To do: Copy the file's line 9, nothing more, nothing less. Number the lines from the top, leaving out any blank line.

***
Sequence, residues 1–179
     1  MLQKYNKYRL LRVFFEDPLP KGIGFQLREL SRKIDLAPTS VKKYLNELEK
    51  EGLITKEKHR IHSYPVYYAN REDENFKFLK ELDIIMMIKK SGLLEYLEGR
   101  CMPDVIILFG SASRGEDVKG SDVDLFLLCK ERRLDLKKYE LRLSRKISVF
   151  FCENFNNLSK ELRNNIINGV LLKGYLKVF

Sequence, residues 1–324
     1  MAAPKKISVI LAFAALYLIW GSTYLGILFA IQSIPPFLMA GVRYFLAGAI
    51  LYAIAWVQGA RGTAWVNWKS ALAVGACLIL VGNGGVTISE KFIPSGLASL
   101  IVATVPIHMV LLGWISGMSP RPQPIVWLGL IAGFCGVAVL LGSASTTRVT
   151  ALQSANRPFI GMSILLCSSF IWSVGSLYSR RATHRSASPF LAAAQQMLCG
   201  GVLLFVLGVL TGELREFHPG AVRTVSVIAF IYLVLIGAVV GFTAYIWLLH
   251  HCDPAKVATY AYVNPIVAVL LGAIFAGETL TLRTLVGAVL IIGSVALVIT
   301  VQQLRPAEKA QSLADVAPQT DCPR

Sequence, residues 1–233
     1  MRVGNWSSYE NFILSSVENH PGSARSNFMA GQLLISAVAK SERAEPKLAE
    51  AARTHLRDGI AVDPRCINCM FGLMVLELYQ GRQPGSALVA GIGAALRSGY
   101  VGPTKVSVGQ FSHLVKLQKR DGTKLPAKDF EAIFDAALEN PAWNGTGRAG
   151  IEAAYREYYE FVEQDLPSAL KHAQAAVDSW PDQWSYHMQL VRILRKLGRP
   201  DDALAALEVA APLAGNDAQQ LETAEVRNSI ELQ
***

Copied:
   101  IVATVPIHMV LLGWISGMSP RPQPIVWLGL IAGFCGVAVL LGSASTTRVT